attend a conference, give them a reason to
Think Outside the Box
want to go,” said veteran event planner Stacy
Stern of The Special Events Group in Boca
Raton, Fla. “If you choose a site on a beach,
people tend to relax and get into it because
they want to be there.”
Creative messaging that promotes the
many natural and outdoor experiences that
go hand-in-hand with a beach setting is one
way to entice potential attendees.
There are countless ways to get outside the
boardroom and utilize the beach in new and
exciting ways during a meeting agenda.
Scott O’Hanlon, director of marketing,
advertising and communications at The
Waterfront Beach Resort, a Hilton Hotel,
in Huntington Beach, said one of the most
unique programs at the property is a “bare-
“Instead of a breakout in the foyer, at-
tendees get some time to wiggle their toes in
the sand,” he said. “It’s all about stretching,
getting outside and giving guests a change of
scenery. We tray-pass hors d’oeuvres under
a canopy so no one gets too hot.”
Tubs of water are placed around for
attendees to dip their feet into, and when
it’s time to go back inside, The Waterfront’s
Barefoot Butlers are on hand to make sure
everyone is de-sanded and de-salted.
“They get attendees back into their shoes
totally fresh and clean and ready to continue
the program,” he said.
Meanwhile, one Fortune 200 company’s
COO requested that the final meeting of a
two-day program at Florida’s Ritz-Carlton,
Sarasota be moved from the ballroom to the
“He prefers a relaxed, casual atmosphere
and didn’t want to spend all of his
time indoors,” said Victoria
DeSilvio, principal of
the Victoria DeSilvio
Group of Boca Raton,
Fla., the firm that
Events, to execute
They came up
with “A Fireside
Everyone sat around
a fire pit on the beach,
toasting s’mores, sipping
cordials, watching the sun set—
while verbally downloading information from the prior two days.
“This type of event allowed everyone to
exhale,” DeSilvio said. “Because the COO
was able to chill out, the whole group fol-
lowed suit and was able to decompress.”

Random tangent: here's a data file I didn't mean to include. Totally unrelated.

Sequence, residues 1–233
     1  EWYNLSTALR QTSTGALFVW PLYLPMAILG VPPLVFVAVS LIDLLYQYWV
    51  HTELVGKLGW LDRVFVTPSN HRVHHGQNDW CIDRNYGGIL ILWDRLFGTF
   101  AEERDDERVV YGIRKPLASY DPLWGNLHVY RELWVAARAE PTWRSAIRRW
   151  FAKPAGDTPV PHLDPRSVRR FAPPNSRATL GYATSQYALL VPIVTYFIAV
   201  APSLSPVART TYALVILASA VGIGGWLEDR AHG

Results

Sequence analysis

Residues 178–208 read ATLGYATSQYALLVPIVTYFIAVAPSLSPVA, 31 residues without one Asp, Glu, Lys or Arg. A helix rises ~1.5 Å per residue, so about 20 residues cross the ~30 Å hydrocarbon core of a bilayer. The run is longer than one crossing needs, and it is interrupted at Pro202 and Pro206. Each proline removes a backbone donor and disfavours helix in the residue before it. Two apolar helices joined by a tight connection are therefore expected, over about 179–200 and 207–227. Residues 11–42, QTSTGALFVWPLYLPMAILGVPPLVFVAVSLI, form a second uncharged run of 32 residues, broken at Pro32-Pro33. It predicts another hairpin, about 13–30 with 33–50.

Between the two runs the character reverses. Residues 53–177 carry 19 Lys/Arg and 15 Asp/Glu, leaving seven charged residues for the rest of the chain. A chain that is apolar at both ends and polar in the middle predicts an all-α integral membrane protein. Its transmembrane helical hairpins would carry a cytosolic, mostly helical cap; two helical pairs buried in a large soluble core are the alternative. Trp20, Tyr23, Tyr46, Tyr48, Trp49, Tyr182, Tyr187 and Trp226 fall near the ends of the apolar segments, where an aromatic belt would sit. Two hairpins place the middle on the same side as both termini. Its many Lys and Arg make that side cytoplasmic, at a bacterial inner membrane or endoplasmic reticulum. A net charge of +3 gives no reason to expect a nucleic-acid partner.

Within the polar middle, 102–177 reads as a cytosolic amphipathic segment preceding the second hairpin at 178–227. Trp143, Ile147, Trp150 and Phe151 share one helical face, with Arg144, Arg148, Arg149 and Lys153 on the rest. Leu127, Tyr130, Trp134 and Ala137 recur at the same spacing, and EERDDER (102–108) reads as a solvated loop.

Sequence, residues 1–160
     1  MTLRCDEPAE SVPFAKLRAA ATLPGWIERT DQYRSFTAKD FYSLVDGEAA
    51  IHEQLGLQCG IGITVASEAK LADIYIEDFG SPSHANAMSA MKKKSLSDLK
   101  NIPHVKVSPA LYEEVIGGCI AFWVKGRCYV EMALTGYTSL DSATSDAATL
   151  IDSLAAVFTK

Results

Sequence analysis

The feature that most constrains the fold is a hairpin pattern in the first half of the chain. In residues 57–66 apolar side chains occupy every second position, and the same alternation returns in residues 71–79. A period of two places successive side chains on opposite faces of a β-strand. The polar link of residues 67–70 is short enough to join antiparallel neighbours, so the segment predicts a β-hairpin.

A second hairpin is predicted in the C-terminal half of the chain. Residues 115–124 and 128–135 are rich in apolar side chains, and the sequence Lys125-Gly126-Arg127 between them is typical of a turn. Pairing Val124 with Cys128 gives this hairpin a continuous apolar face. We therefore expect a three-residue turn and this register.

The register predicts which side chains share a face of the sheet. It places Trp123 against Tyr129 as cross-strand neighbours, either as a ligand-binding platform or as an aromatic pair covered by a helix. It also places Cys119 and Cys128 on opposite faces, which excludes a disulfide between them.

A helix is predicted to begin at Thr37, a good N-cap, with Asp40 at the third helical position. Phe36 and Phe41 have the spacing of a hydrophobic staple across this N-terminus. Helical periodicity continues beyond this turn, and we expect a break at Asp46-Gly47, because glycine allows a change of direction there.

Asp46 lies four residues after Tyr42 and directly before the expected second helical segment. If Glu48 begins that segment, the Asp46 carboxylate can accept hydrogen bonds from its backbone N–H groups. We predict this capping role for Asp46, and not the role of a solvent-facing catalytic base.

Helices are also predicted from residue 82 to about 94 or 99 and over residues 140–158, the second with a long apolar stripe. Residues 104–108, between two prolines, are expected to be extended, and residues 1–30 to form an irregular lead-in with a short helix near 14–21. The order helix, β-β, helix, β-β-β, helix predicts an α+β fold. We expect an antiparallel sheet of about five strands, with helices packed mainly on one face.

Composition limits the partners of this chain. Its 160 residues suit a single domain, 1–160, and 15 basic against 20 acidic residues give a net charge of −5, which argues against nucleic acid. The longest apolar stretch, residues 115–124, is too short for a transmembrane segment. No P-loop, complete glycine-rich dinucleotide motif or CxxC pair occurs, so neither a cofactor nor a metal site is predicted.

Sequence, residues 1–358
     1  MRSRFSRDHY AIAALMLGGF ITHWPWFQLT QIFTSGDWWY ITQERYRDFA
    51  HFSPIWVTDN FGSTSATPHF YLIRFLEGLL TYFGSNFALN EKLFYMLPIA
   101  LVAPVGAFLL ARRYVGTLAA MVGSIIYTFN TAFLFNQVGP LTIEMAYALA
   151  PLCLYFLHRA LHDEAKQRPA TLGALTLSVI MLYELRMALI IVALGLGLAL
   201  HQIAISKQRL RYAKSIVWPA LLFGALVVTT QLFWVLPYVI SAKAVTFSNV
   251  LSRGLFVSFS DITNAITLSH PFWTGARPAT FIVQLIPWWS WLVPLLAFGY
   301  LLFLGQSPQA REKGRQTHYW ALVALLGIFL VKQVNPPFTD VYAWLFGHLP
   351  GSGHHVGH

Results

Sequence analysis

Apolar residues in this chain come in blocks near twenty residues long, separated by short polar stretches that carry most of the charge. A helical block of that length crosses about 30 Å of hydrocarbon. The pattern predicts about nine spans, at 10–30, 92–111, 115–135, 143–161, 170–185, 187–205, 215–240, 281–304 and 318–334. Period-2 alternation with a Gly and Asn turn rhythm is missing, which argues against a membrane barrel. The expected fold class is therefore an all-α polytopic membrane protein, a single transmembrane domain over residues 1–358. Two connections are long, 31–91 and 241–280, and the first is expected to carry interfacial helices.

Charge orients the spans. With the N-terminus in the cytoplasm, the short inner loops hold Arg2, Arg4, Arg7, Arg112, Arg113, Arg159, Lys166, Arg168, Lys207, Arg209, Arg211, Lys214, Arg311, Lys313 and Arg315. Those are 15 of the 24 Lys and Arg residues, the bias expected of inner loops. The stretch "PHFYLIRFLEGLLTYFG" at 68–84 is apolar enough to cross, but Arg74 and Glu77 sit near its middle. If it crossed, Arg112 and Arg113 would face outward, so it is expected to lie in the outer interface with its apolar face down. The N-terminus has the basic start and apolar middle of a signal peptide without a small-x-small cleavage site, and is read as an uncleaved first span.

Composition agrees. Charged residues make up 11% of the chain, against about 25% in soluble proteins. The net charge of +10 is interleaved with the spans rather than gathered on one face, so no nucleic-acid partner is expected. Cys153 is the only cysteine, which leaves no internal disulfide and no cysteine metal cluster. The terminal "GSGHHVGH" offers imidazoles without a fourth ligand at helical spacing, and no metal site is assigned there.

While not all management is comfortable
bringing it that far “out of the proverbial
box,” most welcome teambuilding and other
activities to take place outside. Other times,
you find that rare client who wants to take it
all to the next level.
“We had one client who did their whole
program [business and entertainment] on the
beach,” said C. Aaron Sayer, director
of creative services at Hello
Florida! Fort Lauderdale.
The program, a
sales conference that
ees from all across
the country for a
to be exciting, chal-
lenging and quite
different from any
agenda they had worked
“We basically built a ballroom on the beach,” Sayer said.
At the Harbour Beach Marriott in Fort
Lauderdale, Fla., Sayer’s team erected a tent
complete with full flooring, air conditioning,
staging and audiovisual. The side of the tent
facing the ocean was done in a clear material, enabling the entire 300-person group to
see the water. Ramps, entrances, exits and
all other details necessary to replicate an effective, fully functioning meeting space were
constructed right on the beach. Restroom
trailers for the guests’ convenience were
parked on-site as well.
“We wanted attendees to have a real
‘toes in the sand’ type of experience, so
everything happened out there,” Sayer said.
“We did a welcome reception and a gala.
We used generators [for power], brought in
lighting and entertainment. The infrastruc-
ture was extremely expensive, but we were
able to minimize some costs using beach
A second tent was put up to house the
“We did a plated dinner one night,
chef-attended stations another,” he said.
“We served seafood and a giant paella and
did a clam bake.”
The event took three to four days to build
and the same amount of time to tear down.
“It was such a big deal because this program
closed out the company’s current year and
delivered next year’s message,” Sayer said. “It
was designed to get everyone pumped.”
CLAM BAKE, NEW ENGLAND
Alfresco EATS AND DRINKS
What’s trending in the beach culinary world?
“Simple grilled food. Upscale cookouts,” said Adelee Cabrera, regional director of Starr Catering
Group/Starr Events in Miami.
“People want to know where their food comes from and how it’s raised and
handled,” said Jean McGuiness, owner of Jean McGuiness Food Service in
East Quogue, N. Y.
“Locally sourced foods, seafood ‘dumps’ (seafood is literally dumped onto
paper-lined tables), satay, two-bite finger foods and Pan-Asian cuisine,” said
Scott O’Hanlon, director of sales and marketing at The Waterfront Beach
Resort in Huntington Beach, Calif.
“Popsicles with alcohol,” said Michele Wilde, director of conferences and
events at The Breakers Palm Beach in Florida.
“We have a food truck that serves Cuban sandwiches,” said Grace Duncan, director of sales
at Nautilus, a Sixty Hotel, in Miami Beach, Fla.
“Groups can rent it out hourly.”
Hot on the Beach Drink Scene: Mocktails, (
refreshing non-alcoholic drinks); sweet and savory, such
as strawberry basil lemonade; mojitos and all its
variations; rose wine; and fresh-muddled anything.
—Shari Lynn Rothstein-Kramer
STARR CATERING GROUP, MIAMI
STARR CATERING GROUP, MIAMI